Michigan reports first 2 suspected cases of unexplained hepatitis in children – MLive.com

LANSING, MI – Two Michigan children are suspected of having a severe and rare form of hepatitis that is under investigation by the U.S. Centers for Disease Control.

One case was reported in Oakland County and the other in the city of Detroit, the Michigan Department of Health and Human Services confirmed.

“MDHHS has provided this data to the Centers for Disease Control and Prevention as part of their Health Alert Network Health Advisory to notify clinicians and public health authorities of a cluster of children identified with hepatitis and adenovirus infection,” state health officials said in a statement.

Neither of the Michigan children previously had COVID-19.

Related: Hepatitis outbreak in children, CDC sends out nationwide alert

The CDC is currently investigating cases of 109 children with “hepatitis of an unknown cause,” officials say. More than 90% of the patients were hospitalized and 14% have received liver transplants.

Five of the children have died.

Health officials have been trying to untangle the mysterious illness since October 2021 when cases first popped up in Alabama. Nine children were identified from October to February with hepatitis, severe inflammation of the liver, or an adenovirus infection, a common virus that typically causes mild cold or flu-like symptoms.

“All of these patients were previously healthy, came from different parts of the state and were hospitalized with significant liver injury without a known cause, including some with acute failure,” said Dr. Jay Butler, CDC deputy director of infectious diseases, during a Friday, May 6 press briefing.

Additionally, none of the children in Alabama had a history of COVID-19 or received the vaccine before being hospitalized for hepatitis, Butler said. With a median age of 2, the patients were too young to get the COVID-19 vaccine.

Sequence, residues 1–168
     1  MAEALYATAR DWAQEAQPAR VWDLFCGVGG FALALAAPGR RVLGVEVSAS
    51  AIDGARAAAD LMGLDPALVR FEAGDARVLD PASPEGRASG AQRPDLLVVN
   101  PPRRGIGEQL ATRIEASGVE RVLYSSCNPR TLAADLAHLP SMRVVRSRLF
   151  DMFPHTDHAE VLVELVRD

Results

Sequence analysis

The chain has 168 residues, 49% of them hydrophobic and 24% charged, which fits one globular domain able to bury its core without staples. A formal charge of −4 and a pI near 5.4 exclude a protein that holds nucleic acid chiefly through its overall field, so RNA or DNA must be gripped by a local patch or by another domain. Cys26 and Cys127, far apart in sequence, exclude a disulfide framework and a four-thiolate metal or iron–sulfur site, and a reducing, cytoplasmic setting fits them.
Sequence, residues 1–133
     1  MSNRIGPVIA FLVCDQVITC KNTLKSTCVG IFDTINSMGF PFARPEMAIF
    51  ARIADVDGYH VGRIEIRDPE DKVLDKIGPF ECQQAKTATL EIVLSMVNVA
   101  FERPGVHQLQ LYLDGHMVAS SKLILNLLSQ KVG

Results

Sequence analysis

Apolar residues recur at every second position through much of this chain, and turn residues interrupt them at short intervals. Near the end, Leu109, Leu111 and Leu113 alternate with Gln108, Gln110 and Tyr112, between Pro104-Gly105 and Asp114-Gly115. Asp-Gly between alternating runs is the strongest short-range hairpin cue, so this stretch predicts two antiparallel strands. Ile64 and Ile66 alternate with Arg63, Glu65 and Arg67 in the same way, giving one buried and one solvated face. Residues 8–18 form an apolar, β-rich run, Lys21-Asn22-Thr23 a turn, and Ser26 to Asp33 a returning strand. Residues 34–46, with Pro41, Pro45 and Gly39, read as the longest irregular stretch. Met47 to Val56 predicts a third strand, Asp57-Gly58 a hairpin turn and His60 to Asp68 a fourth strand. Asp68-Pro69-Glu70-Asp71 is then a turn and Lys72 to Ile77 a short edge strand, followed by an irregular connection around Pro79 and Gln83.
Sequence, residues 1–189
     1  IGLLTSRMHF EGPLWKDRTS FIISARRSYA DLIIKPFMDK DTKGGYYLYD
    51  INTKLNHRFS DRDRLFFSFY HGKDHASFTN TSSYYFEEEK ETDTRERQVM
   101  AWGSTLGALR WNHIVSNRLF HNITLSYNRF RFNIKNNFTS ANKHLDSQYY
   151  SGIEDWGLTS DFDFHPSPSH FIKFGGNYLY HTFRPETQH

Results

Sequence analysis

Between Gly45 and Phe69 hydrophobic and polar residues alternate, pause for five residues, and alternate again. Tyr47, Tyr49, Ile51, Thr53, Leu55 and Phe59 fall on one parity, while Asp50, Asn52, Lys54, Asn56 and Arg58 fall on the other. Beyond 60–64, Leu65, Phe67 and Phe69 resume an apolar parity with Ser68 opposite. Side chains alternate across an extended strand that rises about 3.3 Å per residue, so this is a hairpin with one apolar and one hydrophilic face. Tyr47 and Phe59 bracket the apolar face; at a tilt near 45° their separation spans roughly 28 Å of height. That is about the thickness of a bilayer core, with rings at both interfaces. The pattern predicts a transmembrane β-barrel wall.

As of Friday, suspected cases were reported in 24 states and Puerto Rico.

Many questions remain for health officials after common causes of viral hepatitis were not detected in patients.

“We are casting a broad net,” Butler said.

Health officials are keeping an open mind about whether the adenovirus infections may be manifesting in a way “that’s not been commonly seen before,” according to Butler. Environmental factors, medications and other infections are also being investigated as possible triggers.

“Although rare, children can have severe hepatitis and it’s not uncommon for the cause to be unknown,” Butler said.

Cases of the severe hepatitis in children have popped up in 11 other countries.

The World Health Organization issued an alert in mid-April after 74 possible cases were found in the United Kingdom. The first 10 were identified in “previously healthy children” across Scotland with one child showing symptoms in January and the rest in March.

“Investigators both here, abroad and around the globe are working hard to determine the cause,” Butler said. “Adenovirus has been detected in some of the children, but we don’t know if it’s the actual cause of these illnesses.”

Symptoms of hepatitis include vomiting, dark urine, light colored stools and yellowing of the skin.

“It’s important to remember that severe hepatitis in children is rare even with the potential increase in cases that we’re reporting today,” Butler said.

In addition to Michigan, suspected cases have been reported in Alabama, Arizona, California, Colorado, Delaware, Florida, Georgia, Idaho, Illinois, Indiana, Louisiana, Minnesota, Missouri, North Carolina, North Dakota, Nebraska, New York, Ohio, Pennsylvania, Puerto Rico, Tennessee, Texas, Washington and Wisconsin.

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